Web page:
D.C. has some “great” district-run schools, but they’re open only to people who can afford million-dollar homes, Williams writes. So parents have turned to charter schools. “In 2012, there were more than 35,000 students on charter schools’ waitlists (though some were duplicates). There were only 77,000 students in the city that year.”

Charters’ lotteries are neutral, he writes. His “son, with his two highly educated, almost-middle-class, white parents” has no advantage “over his friend whose mother dropped out of high school and is raising her child alone.”

It’s not perfect. Savvy parents can “get around town” and apply to multiple lotteries, he complains. However, D.C. has unified its district and charter lotteries.  While “a handful of high-performing charters stayed outside the system,” parents can apply to most schools with one application.

The D.C. Council has considered letting charter schools give admissions preference to students who live nearby. As the city gentrifies, that could lock low-income families out of high-performing charters, Williams writes. What about weighted lotteries to give a preference to disadvantaged students?

He doesn’t mention helping good charters expand, so they can serve more students.

The headline says Williams “learned about inequality” but his conclusion is that charters are a “mild corrective to inequity” though not a “solution.” Not a silver bullet? Really! 

New SAT won’t kill test prep

However the SAT is changed, test prep isn’t going anywhere, writes James S. Murphy, an SAT tutor, in The Atlantic.

David Coleman, the president of College Board, thinks companies that offer SAT prep services are “predators who prey on the anxieties of parents and children and provide no real educational benefit.”

It’s not the test prep companies that make students anxious, writes Murphy. It’s the test.

Although more schools than ever are making SAT scores optional for application, good test prep will remain important as long as high-stakes, time-constrained, multiple-choice exams are being used to determine who gets admitted to the most selective colleges and universities. Since most of the metrics these colleges use to determine who to accept are based on indelible aspects of a person’s identity or long-term accomplishments like GPA and extracurricular activities, it would be foolish for a student not to try to improve the one thing that can be improved in a relatively short amount of time.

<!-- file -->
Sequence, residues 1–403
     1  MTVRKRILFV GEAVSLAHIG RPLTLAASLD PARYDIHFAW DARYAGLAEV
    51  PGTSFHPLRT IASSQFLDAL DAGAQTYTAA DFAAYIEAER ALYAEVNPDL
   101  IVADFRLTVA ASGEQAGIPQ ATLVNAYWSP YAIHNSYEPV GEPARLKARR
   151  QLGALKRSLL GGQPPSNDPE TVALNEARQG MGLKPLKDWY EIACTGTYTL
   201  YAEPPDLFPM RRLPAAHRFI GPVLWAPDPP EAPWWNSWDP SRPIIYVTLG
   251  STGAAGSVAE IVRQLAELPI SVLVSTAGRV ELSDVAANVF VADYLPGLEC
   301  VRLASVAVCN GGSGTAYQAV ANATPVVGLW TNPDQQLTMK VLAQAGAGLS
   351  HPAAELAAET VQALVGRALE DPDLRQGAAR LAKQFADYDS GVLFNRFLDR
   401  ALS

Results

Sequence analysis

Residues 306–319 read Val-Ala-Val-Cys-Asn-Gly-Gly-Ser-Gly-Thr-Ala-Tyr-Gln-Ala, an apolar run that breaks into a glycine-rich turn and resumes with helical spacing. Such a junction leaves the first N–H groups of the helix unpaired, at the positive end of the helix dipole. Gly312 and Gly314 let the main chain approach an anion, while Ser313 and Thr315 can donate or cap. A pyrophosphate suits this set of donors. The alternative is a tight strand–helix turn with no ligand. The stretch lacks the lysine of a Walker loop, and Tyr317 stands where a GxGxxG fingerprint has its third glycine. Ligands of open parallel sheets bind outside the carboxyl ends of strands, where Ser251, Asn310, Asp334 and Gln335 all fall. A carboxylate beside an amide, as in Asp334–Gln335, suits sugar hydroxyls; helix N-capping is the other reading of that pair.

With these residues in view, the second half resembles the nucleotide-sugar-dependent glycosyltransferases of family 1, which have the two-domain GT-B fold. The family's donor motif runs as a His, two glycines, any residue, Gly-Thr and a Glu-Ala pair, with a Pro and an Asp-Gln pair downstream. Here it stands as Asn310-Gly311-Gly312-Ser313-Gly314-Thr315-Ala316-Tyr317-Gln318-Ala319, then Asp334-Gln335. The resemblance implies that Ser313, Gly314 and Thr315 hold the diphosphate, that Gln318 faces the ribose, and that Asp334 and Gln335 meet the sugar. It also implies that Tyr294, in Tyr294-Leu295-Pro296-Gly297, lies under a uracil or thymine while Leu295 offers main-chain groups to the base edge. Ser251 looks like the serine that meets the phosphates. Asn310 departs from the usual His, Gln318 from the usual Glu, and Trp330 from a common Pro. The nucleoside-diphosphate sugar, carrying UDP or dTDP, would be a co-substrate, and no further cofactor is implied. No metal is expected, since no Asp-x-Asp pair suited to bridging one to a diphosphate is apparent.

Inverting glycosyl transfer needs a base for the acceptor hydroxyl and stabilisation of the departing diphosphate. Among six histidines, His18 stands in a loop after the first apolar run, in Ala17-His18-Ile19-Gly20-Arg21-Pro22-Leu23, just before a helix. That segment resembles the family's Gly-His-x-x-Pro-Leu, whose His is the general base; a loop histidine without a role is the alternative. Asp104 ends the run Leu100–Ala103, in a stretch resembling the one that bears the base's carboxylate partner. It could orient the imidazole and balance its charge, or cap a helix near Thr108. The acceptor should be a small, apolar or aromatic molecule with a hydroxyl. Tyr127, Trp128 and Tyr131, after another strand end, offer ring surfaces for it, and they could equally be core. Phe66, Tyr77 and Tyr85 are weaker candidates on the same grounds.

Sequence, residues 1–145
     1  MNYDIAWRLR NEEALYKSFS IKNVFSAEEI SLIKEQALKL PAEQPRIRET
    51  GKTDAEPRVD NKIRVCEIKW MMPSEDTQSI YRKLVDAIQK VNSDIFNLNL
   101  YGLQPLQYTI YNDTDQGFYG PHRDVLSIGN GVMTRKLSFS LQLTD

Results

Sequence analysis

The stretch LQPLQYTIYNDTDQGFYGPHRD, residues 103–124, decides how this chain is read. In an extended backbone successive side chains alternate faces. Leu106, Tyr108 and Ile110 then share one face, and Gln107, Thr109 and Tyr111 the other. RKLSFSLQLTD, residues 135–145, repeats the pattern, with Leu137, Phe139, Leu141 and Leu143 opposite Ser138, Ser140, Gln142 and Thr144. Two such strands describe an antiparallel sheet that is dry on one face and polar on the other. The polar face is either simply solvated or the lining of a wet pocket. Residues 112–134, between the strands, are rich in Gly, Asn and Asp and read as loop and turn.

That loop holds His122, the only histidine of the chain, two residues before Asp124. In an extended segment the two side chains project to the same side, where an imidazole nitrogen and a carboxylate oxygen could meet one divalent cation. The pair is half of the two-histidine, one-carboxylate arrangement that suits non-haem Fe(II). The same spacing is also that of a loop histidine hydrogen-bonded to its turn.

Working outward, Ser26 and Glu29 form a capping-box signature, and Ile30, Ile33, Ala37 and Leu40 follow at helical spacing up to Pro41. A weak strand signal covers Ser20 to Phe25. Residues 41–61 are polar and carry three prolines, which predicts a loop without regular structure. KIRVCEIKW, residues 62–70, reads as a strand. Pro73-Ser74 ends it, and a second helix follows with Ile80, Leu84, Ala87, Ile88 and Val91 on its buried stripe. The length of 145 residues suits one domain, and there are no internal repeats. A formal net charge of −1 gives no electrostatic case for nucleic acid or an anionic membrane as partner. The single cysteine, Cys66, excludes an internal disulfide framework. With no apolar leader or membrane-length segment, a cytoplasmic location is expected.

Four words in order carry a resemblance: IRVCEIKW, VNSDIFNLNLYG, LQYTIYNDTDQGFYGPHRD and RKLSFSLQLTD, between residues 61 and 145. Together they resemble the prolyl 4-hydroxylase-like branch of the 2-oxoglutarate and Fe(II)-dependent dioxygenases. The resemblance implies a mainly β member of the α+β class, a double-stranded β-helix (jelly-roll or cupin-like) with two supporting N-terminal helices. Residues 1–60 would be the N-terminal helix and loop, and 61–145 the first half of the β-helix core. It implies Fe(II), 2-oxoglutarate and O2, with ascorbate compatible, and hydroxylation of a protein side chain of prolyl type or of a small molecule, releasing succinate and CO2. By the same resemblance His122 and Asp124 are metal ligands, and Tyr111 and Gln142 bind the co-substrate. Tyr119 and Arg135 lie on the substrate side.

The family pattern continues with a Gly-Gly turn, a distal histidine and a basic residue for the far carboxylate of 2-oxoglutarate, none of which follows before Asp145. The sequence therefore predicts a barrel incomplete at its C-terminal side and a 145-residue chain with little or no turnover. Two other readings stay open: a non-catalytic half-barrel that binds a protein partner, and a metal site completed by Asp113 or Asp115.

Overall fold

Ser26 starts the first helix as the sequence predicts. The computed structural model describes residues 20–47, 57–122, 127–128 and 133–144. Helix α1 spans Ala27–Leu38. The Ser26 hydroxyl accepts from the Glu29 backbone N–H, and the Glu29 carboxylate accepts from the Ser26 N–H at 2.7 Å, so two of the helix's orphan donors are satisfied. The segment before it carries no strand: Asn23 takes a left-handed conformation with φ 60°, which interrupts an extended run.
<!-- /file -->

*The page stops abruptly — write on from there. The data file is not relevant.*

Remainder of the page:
Tricks don’t make much difference, he argues.

Test prep raises scores by reviewing only the content students need to know for the exam, teaching them techniques they have not learned in school, and assigning students hundreds if not thousands of practice questions. It is this work, and not tricks, that overcome test anxiety. As Ed Carroll, a former colleague of mine, puts it, “Competence breeds confidence.”

College Board is partnering with Khan Academy, which will offer free SAT test prep online. That validates the test prep companies’ contention that test prep is helpful.

SAT correlates with family income because more-educated and affluent parents  develop their children’s vocabularies and general knowledge, pay for homes near good public schools or pay for private school tuition, hire tutors if their kids need help in elementary, middle and high school, etc. The advantage is huge long before the student thinks about how to prep for the SAT.

If you don’t have a clue, guess. The new SAT eliminates the penalty for wrong answers, observes Walt Hickey on FiveThirtyEight. That adds “noise” to the results.

College ‘diversity’ event excludes whites

A ”diversity happy hour” was canceled at a Washington state community college, when the emailed invitation said white people were not welcome. “White folks” were urged to meet separately to “work on racism, white supremacy and white privilege.”

The program coordinator at South Puget Sound Community College’s Diversity & Equity Center, Karama Blackhorn, who helped write the email, said the center “is not for white people. That space is for people of color.”

Blackhorn, who’s part Native American, was studying for a degree in Queer Studies and Social Justice at Evergreen State College when she won a 2009 scholarship, reports Jim Miller. Now we know what kind of job a person can get with a degree in Queer Studies and Social Justice.

New SAT will be ‘totally awesome’

The New SAT will be “like totally awesome,” dude, predicts Jay P. Greene. No more “bogus vocab words that only brainiacs use in literature, poetry, and other useless stuff.

“The SAT will focus on words that students will use consistently in college and beyond,”  says College Board.

Yeah, like “bong” and “extended unemployment benefits.”